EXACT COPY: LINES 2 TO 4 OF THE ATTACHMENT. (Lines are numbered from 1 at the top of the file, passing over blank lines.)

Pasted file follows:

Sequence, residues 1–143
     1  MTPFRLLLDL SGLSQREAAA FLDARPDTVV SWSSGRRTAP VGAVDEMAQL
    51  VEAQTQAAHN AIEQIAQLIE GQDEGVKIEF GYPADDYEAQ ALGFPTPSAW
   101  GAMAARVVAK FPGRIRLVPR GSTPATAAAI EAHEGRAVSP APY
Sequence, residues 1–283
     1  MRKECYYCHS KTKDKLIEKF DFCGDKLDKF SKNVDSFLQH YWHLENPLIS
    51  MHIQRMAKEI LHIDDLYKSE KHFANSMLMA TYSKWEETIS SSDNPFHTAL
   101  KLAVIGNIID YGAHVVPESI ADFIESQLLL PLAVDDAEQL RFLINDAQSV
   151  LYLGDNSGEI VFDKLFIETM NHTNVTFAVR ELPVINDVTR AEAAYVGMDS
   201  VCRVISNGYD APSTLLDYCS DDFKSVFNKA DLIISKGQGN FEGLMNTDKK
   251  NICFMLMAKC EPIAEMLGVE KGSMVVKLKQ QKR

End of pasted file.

     1  MTPFRLLLDL SGLSQREAAA FLDARPDTVV SWSSGRRTAP VGAVDEMAQL
    51  VEAQTQAAHN AIEQIAQLIE GQDEGVKIEF GYPADDYEAQ ALGFPTPSAW
   101  GAMAARVVAK FPGRIRLVPR GSTPATAAAI EAHEGRAVSP APY